Monday, June 23, 2014

Million Hearts and Eating-Well magazine launch heart-healthy nutrition resource

Press Release

For Immediate Release: Monday, June 23, 2014
Contact: CDC Media Relations 
(404) 639-3286

Million Hearts and Eating-Well magazine launch heart-healthy nutrition resource

The Million Hearts initiative announces the launch of a new Healthy Eating and Lifestyle Resource Center, developed in partnership with the Centers for Disease Control and Prevention and Eating-Well magazine. The resource center features lower-sodium, heart-healthy recipes and family-friendly meal plans, with an emphasis on  managing sodium intake, a major contributor to high blood pressure and heart disease.

By helping individuals and families access content and recipes to promote consumption of healthier foods, this consumer-friendly addition to existing Million Hearts tools supports the initiative’s goal of preventing 1 million heart attacks and strokes.

“Because sodium is a major contributor to high blood pressure, it is important to help people understand how they can manage sodium intake at home,” said Janet S. Wright, MD, FACC, Executive Director of Million Hearts. “This online resource offers practical, accessible eating and lifestyle-based solutions for people looking for ways to reduce sodium in their diet and create heart-healthy, tasty meals for themselves and their families.


Read More>>

FDA approves antibiotic to treat MRSA

Bloomberg News (6/21, Edney) reported Cubist Pharmaceuticals Inc. has received the green signal from the FDA to market its antibiotic Sivextro (tedizolid phosphate) “to treat acute bacterial skin infections, including potentially fatal MRSA.” The article noted that the FDA approved Sivextro “for use in both intravenous and oral forms,” citing an agency statement. The article noted that Sivestro is the second antibiotic “the FDA has approved in a month to treat MRSA.”

        The AP (6/23, Perrone) reported that the FDA gave Sivextro “an expedited review under a 2012 law designed to encourage drugmakers to invest in researching and development of new antibiotics.” The law also gives Cubist five more years of “exclusive marketing rights to the drug.”

        The Boston Globe (6/20) reported that with the latest approval, Cubist will now have four antibiotics on the market. “The others are its lead drug Cubicin, which also fights Gram-positive infections; Entereg, which speeds gastrointestinal recovery in patients who have had bowel surgery;” and Dificid (fidaxomicin), “a drug treating diarrhea caused by intestinal inflammation.”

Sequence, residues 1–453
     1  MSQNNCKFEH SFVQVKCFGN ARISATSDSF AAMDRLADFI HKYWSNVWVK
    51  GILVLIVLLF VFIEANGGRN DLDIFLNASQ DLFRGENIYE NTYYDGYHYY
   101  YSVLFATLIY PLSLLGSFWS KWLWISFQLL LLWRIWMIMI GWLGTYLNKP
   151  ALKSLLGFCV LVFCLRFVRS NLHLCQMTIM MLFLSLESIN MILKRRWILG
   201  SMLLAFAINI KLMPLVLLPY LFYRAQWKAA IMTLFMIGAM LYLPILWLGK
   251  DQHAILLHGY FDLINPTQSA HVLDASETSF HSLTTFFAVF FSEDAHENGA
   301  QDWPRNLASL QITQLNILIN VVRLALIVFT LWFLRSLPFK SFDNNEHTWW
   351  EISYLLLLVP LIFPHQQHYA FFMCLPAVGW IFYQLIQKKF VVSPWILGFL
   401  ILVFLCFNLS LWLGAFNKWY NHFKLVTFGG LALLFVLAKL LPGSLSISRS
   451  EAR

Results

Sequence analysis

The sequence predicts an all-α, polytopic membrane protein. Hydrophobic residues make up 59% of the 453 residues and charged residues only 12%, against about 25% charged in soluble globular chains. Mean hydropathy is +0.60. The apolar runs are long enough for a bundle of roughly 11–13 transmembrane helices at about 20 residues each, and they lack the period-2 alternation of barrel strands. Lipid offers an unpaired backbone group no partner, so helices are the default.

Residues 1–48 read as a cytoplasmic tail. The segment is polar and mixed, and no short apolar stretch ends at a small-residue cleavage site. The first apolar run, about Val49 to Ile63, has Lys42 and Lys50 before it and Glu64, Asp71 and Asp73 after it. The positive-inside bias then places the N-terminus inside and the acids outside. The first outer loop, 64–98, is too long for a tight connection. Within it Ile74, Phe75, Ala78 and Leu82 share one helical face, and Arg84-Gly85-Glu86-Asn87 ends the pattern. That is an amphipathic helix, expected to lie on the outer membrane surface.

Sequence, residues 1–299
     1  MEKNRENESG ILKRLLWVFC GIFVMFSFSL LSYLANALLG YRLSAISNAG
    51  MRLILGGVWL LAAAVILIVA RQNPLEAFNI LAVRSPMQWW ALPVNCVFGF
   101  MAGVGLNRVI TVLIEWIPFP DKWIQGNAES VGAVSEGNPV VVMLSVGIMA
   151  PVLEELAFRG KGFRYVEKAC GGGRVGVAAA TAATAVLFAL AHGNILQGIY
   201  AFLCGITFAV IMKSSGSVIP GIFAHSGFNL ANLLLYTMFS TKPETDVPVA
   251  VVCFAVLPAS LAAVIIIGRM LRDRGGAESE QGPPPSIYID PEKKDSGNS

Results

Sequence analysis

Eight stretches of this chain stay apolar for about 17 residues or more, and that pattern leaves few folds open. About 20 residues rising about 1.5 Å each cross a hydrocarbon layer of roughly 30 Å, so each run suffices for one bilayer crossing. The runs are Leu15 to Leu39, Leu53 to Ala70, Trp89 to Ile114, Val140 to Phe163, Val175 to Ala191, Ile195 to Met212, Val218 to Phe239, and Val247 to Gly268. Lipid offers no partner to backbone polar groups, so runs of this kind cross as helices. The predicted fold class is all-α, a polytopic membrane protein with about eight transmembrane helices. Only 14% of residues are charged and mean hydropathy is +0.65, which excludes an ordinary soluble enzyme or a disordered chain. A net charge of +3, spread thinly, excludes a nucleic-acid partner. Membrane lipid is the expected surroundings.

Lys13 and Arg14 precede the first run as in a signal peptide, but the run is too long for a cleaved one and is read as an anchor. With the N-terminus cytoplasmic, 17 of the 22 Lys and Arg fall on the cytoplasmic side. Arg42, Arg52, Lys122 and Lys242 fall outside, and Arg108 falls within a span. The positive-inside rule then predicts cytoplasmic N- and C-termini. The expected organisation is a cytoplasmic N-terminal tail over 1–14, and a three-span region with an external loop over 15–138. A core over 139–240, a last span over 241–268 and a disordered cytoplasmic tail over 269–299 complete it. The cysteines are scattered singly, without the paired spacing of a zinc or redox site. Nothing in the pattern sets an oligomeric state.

Research advances show promise of adult stem cells.

On its website, USA Today (6/22) carries a 1,400-word Louisville Courier-Journal article reporting that advances “in stem-cell research show adult stem cells to be ever-more-promising, many scientists say, quelling the controversy steeped in faith and science that has long surrounded embryonic stem cells.” According to the article, “Human iPS cells...seem to offer all of the benefits of embryonic stem cells and none of the drawbacks.” Meanwhile, “in addition to these genetically reprogrammed adult cells,” researchers are coming closer to “being able to turn one type of cell into another in the body without” having to use any stem cells.

Approximately 70 million Americans suffer from sleep problems.

USA Today (6/23, Hellmich) reports on the health problems associated with a lack of sleep. Approximately “70 million Americans suffer from sleep problems, such as insomnia, sleep apnea, restless leg syndrome, shift-work sleep disorder or narcolepsy, as well as sleep disturbances associated with many diseases, mental illnesses and addictions, according to the National Center on Sleep Disorders Research, part of the National Heart, Lung and Blood Institute.” Michael Twery, director of the center, said, “That’s a conservative estimate when it comes to the number of people with sleep disorders or those who have difficulty sleeping.” Twery added, “There are more than 70 sleep disorders.” USA Today adds, “Many people think taking the time to get sufficient sleep is being lazy and a waste of time, but they could be performing so much better if they were well-rested, she says” CDC epidemiologist Anne Wheaton.